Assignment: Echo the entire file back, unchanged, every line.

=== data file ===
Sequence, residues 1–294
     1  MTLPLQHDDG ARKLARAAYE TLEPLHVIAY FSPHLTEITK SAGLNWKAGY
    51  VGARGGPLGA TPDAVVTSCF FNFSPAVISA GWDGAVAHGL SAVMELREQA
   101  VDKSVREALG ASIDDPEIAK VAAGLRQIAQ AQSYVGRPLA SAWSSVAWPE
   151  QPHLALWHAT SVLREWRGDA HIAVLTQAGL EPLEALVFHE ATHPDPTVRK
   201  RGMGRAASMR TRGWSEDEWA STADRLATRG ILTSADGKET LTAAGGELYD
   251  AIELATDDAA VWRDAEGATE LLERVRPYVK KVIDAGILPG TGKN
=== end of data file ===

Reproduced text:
Sequence, residues 1–294
     1  MTLPLQHDDG ARKLARAAYE TLEPLHVIAY FSPHLTEITK SAGLNWKAGY
    51  VGARGGPLGA TPDAVVTSCF FNFSPAVISA GWDGAVAHGL SAVMELREQA
   101  VDKSVREALG ASIDDPEIAK VAAGLRQIAQ AQSYVGRPLA SAWSSVAWPE
   151  QPHLALWHAT SVLREWRGDA HIAVLTQAGL EPLEALVFHE ATHPDPTVRK
   201  RGMGRAASMR TRGWSEDEWA STADRLATRG ILTSADGKET LTAAGGELYD
   251  AIELATDDAA VWRDAEGATE LLERVRPYVK KVIDAGILPG TGKN